At Atlantic Laboratories on a recent morning, workers were funneling a truckload of seaweed harvested at Tenants Harbor into a chute that led to a dehydrator. Billowing clouds of white sea-scented steam poured out of a chimney above them. After three passes through the dehydrator — powered by Maine wood-pellets rather than oil to preserve the seaweed’s color, flavor and texture — the moisture content is low enough that it won’t rot or mold, and it is ground into powder. It is then bagged in a new FDA-approved facility, and sold as fertilizer or organic nutritional supplements for humans and animals.

The seaweed industry is booming now, but it wasn’t always this way.

“When I started in 1971, I couldn’t give it away,” owner Robert Morse said. But when he began liquid extraction two years later, selling the seaweed powder in 55-gallon drums, there was immediate demand: Maine Organic Farmers and Gardeners Association bought all the drums he had and ordered more.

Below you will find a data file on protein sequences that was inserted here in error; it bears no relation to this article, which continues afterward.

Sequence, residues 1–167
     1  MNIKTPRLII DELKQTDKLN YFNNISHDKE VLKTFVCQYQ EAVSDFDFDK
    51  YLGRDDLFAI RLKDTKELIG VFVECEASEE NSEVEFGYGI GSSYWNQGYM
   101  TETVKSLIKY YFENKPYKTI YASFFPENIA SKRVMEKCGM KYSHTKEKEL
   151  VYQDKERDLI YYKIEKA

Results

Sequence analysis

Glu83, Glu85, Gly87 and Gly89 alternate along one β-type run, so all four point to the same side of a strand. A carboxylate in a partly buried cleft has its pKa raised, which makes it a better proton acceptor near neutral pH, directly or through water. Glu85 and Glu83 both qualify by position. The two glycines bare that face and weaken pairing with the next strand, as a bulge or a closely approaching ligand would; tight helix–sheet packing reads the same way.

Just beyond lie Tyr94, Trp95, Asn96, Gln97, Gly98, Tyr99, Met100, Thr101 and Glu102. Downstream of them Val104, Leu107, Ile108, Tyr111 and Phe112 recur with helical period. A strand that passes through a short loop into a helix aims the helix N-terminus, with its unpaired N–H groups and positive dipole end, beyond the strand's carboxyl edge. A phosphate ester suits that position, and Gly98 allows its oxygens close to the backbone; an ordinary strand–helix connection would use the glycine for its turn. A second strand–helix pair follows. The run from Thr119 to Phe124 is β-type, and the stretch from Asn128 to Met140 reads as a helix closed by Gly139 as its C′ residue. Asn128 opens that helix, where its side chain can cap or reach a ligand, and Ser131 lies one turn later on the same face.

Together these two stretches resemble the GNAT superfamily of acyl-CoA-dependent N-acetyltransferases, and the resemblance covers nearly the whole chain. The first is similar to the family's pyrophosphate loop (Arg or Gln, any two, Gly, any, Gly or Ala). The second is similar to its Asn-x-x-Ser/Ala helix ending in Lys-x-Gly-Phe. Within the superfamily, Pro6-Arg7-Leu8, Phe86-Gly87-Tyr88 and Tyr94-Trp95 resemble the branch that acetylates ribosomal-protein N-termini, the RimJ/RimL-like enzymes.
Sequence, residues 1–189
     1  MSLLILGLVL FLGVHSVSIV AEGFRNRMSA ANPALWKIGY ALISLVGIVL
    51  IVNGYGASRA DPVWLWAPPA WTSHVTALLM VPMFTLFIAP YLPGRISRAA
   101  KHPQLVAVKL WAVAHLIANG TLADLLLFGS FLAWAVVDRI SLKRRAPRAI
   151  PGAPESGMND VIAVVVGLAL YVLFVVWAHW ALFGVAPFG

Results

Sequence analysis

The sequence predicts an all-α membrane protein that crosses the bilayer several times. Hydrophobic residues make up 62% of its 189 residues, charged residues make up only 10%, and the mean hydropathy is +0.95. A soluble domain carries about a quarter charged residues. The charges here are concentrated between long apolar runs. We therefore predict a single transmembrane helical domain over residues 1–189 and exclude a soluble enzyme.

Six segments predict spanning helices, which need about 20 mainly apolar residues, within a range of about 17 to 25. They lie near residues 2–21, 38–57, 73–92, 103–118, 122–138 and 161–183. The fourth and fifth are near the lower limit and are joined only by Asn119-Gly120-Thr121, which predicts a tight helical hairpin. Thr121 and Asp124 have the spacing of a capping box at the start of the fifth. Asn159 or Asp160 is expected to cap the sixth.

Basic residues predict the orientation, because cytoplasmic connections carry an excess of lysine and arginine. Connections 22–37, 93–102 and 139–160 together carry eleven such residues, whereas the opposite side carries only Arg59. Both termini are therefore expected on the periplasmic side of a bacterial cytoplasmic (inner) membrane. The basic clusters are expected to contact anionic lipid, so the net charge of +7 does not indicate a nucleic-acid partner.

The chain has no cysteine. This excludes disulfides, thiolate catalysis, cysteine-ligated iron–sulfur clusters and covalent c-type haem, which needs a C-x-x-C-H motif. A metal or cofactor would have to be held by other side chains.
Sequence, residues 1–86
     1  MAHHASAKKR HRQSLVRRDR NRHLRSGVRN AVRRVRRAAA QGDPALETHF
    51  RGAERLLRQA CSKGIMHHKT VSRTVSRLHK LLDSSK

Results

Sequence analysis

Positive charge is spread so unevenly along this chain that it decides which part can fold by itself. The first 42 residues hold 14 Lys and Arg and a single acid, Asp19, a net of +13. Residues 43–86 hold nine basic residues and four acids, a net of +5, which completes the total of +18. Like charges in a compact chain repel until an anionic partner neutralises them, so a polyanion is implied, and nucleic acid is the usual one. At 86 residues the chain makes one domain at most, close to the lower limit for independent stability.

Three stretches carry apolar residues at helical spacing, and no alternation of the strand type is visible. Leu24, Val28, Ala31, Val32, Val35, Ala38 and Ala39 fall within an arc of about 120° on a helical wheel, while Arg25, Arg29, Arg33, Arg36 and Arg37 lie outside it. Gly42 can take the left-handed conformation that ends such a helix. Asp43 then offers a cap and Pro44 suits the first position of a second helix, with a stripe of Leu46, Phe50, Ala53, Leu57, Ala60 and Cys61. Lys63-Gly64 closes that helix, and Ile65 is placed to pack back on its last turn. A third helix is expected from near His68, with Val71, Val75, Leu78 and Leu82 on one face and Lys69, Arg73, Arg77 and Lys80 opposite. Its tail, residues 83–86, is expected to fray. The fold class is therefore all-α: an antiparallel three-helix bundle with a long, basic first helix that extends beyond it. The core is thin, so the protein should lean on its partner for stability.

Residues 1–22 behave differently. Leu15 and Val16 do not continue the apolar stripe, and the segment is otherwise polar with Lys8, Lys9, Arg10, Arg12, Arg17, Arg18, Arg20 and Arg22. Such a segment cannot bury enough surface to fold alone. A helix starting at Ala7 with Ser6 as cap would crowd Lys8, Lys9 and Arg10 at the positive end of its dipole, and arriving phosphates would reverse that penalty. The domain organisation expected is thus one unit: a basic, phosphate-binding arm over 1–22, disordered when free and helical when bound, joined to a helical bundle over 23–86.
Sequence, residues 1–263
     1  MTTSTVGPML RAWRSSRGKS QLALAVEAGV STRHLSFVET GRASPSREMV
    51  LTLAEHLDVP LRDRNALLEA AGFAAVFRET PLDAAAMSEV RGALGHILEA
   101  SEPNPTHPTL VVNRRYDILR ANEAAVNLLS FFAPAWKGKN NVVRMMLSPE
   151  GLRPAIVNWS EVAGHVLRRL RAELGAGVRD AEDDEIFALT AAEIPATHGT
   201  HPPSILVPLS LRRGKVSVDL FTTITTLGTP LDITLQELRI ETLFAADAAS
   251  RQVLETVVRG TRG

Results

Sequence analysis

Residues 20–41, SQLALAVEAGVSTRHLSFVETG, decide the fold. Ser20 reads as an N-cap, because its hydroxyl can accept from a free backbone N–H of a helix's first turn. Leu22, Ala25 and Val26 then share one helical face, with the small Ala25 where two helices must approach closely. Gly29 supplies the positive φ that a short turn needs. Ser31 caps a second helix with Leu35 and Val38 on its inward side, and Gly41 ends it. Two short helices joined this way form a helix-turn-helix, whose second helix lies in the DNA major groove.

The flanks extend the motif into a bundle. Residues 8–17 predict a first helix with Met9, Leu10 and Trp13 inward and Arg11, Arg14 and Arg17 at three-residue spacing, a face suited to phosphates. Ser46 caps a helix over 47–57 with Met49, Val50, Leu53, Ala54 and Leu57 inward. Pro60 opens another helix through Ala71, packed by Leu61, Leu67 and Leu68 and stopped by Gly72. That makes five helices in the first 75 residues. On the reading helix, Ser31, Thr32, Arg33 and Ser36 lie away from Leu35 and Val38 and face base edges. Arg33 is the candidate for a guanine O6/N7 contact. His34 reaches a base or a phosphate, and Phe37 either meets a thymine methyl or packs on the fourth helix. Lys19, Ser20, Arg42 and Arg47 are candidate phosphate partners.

Organic seaweed nutritional supplements are particularly important to organic dairy farmers, because many of the conventional grains and medicines are off limits.

Plant manager Bill Peebles of Palermo explained, “(Organic cows) were having problems with calving, milk fever, their hide, pink eye. This product gives them the trace minerals and the nutrition they need.”

As demand has increased for their organic supplements, the company has expanded. It has invested nearly $1 million in new buildings, trucks, trailers and processing equipment over the past two years.

For seaweeders, these are exciting times, Morse said. Beyond supplements and fertilizers, seaweed is used in more than 50 percent of food products, he said, and it is in demand worldwide.

The Department of Marine Resources lists 130 licensed seaweed harvesters in the state, up from about 60 in 2012, and it estimated Maine's seaweed production is valued at $20 million annually. Morse could see that figure rising to $1 billion in 10 years.

Peebles recalled attending the Maine Seaweed Festival in Portland in 2015 and being dumbfounded by how many independent harvesters were there, cashing in on the demand for healthy lifestyle products. They were selling “everything from granola bars to dog biscuits to lotions,” he said.

The sudden explosion in harvesting has some worried. The seaweed festival was cancelled in 2016 because organizers felt the gold-rush mentality was threatening the sustainability of the industry before its management and infrastructure had a chance to catch up, as one told the Portland Press Herald.